The illegal march was openly reported on the Ogra Sinn Fein website. It stated that Sinn Fein members from across Ireland took part in the march for the unveiling of a monument to 24 dead IRA men.
Martin McGuinness gave the oration. Conor Murphy made presentations to the dead IRA members’ families. A Sinn Fein spokesman yesterday confirmed the ministers had taken part in the parade, but claimed it wasn’t organised by Sinn Fein.
He said an “administrative oversight” by a “local commemoration committee” meant notification hadn’t been given for the march. Neither the Sinn Fein ministers nor anyone else taking part were aware that “the proper paperwork hadn’t been submitted,” he added.
The PSNI has adopted a hard line with other illegal republican parades.
In January police filmed those at a dissident republican prisoners’ march in Lurgan. Officers with loud-hailers warned marchers the parade was illegal and they could be prosecuted. Four people were later arrested and files sent to the PPS.
Prominent independent republicans were also arrested following an illegal commemoration in Co Tyrone last September.
Protestant victims’ campaigner Willie Frazer, who has raised the issue with the Parades Commission, said: “There can’t be one law for republicans in some parts of the country and another for Sinn Fein in south Armagh. Martin McGuinness and Conor Murphy must be immediately questioned by police.”
The matter was discussed yesterday at a meeting between the Chief Constable and TUV Assembly candidate Barrie Halliday.
UUP MLA Danny Kennedy said: “Martin McGuinness and Conor Murphy should be ashamed of themselves for taking part in this parade.”
“Given our divided history I believe that it is difficult to build a shared and united community while we continue to educate our young people separately. It’s not that separate education facilities are inherently unequal in Northern Ireland, it is just that they do not assist in the creation of the shared community here that we need and wish to see. This goes to the heart of our vision for the future.”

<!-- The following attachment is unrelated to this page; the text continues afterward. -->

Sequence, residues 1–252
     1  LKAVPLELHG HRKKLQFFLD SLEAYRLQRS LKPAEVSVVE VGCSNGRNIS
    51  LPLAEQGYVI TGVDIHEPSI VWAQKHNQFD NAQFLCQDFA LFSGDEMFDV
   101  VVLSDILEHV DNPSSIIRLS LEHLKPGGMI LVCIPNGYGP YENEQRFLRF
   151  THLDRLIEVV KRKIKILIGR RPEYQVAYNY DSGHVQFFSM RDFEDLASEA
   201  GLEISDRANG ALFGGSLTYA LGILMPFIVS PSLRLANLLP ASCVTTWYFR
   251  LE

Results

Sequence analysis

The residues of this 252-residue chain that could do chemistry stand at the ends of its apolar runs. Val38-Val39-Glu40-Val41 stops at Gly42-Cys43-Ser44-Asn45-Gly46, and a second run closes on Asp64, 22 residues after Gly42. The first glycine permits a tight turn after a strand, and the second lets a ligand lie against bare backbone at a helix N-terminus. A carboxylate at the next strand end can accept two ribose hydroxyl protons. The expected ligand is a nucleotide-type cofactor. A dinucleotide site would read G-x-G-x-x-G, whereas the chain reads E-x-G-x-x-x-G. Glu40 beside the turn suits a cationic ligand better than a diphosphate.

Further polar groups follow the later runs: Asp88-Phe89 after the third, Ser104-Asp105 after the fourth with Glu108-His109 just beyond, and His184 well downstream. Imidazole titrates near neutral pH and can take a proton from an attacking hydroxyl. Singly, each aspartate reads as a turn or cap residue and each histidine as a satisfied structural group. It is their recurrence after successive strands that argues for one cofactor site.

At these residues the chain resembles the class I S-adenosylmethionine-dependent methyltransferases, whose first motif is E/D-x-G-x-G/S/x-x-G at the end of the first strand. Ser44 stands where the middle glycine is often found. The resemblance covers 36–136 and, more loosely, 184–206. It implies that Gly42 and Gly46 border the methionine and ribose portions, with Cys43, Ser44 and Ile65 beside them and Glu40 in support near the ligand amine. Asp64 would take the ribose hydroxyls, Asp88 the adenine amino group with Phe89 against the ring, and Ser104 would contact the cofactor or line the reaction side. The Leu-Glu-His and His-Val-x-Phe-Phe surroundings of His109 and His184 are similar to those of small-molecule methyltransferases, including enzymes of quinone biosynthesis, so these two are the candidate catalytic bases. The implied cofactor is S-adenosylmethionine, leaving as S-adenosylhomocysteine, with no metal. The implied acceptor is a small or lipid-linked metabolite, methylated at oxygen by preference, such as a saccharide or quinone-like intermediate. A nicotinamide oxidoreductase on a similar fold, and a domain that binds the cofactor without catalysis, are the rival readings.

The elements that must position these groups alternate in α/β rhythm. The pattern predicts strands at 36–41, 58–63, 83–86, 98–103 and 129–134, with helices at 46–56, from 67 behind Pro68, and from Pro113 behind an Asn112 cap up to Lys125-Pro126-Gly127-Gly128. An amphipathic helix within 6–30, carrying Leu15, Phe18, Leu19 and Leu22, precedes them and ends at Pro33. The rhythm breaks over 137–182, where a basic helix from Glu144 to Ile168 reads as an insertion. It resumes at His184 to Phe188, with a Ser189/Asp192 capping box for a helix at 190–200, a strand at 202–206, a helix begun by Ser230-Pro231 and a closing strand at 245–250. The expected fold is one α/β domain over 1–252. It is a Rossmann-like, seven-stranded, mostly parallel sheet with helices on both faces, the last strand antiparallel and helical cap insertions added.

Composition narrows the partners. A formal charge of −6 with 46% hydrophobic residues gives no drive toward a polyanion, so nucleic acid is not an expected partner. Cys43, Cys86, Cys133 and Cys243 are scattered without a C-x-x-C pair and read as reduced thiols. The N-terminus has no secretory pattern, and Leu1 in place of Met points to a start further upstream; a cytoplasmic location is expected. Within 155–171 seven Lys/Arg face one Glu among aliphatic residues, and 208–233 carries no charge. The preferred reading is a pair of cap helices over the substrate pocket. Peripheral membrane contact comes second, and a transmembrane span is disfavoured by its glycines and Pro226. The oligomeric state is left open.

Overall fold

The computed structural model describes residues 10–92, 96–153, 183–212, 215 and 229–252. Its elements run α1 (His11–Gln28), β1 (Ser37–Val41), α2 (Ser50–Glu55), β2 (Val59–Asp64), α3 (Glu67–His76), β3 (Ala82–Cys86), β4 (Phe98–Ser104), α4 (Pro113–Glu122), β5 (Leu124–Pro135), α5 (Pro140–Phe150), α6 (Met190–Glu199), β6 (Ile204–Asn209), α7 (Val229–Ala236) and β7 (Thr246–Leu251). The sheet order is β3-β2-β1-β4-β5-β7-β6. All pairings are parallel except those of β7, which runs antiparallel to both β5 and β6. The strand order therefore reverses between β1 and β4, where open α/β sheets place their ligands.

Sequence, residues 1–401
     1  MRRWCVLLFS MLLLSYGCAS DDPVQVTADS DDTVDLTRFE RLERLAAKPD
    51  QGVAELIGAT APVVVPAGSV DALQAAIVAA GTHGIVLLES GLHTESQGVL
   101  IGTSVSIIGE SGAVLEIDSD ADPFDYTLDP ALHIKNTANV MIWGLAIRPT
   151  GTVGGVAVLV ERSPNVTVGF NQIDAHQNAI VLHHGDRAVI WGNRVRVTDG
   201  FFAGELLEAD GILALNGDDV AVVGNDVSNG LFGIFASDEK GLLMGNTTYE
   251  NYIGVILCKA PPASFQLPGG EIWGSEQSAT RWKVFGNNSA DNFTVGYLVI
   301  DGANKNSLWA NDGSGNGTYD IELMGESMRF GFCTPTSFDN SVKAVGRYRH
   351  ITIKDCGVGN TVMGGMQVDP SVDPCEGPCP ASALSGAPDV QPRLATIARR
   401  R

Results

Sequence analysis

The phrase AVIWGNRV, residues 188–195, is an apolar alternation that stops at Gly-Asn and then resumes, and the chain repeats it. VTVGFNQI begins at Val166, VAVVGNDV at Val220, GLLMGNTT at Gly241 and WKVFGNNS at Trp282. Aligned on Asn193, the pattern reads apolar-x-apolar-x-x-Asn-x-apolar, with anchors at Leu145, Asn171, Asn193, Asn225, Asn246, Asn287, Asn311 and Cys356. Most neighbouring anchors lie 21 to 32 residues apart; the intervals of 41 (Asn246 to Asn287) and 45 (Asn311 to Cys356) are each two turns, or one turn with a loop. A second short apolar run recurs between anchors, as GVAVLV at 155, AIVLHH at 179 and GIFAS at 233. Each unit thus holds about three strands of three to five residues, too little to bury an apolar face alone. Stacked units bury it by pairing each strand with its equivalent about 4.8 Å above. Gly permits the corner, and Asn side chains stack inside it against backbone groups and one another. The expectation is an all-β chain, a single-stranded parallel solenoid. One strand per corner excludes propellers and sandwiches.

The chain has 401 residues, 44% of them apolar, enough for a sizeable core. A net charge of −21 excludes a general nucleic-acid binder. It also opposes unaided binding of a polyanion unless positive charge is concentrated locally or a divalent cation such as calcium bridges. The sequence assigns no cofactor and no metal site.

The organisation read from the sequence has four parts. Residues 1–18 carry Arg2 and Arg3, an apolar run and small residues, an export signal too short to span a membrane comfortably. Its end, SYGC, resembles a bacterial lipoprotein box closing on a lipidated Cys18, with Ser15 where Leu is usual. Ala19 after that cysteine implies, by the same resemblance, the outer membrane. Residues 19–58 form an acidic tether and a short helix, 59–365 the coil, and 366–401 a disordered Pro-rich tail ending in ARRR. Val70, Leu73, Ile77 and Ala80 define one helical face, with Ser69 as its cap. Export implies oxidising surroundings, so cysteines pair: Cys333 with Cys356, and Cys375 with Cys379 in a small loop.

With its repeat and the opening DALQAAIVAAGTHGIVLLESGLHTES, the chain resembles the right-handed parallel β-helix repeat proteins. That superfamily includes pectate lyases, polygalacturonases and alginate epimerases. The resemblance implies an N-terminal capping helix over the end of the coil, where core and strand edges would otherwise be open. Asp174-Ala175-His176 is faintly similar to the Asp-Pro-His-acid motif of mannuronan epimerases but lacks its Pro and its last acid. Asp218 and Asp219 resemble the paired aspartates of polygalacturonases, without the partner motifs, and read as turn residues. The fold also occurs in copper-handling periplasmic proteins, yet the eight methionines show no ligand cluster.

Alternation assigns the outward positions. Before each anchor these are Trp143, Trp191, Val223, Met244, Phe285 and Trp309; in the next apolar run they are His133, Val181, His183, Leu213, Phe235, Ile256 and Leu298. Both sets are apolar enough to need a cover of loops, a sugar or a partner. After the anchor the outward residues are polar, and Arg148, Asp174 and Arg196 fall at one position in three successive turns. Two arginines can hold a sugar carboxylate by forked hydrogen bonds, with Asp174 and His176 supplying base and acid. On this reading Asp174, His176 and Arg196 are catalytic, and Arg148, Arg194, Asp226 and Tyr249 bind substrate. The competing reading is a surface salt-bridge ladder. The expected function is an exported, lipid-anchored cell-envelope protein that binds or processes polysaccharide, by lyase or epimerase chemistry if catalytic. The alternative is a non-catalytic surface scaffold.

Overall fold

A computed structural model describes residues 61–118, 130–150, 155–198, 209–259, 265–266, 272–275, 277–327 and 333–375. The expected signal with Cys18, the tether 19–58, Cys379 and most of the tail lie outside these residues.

**Poster’s note: If ever anyone has said anything intelligent and insightful lately, THIS would be it.
31 Mar 2011
A roadmap towards a single education system must be produced within four years, Peter Robinson has said.
If the Executive does not agree then educational foundations and other interested groups could push the reform forward, added the Democratic Unionist leader.
Catholic schools are keen to preserve their “ethos” and the head of the Council for Catholic Maintained Schools (CCMS) has defended the sector.
Mr Robinson said: “Given our divided history I believe that it is difficult to build a shared and united community while we continue to educate our young people separately. It’s not that separate education facilities are inherently unequal in Northern Ireland, it is just that they do not assist in the creation of the shared community here that we need and wish to see. This goes to the heart of our vision for the future.”
Last October he made a speech in which he suggested that the education system was a benign form of apartheid which was fundamentally damaging to society. Mr Robinson added that while he had no objection to church schools, he objected to the state funding them. But Martin McGuinness said Mr Robinson was making a mistake in taking on the churches.